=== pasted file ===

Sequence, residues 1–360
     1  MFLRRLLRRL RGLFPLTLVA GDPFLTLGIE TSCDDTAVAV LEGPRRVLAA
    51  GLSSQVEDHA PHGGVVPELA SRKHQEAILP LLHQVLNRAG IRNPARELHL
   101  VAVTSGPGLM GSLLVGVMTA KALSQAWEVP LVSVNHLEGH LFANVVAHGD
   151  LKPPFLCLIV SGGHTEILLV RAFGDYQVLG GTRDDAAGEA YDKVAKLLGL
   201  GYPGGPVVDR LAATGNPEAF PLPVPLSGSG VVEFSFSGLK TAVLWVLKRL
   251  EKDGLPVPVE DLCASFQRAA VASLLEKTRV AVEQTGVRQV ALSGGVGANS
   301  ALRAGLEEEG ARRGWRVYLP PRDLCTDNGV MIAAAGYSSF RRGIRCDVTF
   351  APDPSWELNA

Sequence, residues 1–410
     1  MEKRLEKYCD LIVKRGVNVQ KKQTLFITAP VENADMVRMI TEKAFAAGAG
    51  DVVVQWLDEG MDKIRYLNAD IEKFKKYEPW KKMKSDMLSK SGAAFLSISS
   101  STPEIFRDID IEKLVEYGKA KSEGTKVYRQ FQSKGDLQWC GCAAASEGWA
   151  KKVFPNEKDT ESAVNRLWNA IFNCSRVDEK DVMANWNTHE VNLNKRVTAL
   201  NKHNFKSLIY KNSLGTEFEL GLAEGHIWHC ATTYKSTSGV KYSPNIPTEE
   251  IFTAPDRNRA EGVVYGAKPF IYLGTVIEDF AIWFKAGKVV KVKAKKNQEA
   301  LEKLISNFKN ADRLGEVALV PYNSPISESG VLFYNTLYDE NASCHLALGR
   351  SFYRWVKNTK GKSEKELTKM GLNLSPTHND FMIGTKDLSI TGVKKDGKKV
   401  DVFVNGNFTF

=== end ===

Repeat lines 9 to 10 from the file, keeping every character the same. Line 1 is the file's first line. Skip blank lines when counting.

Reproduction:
   351  APDPSWELNA

Sequence, residues 1–410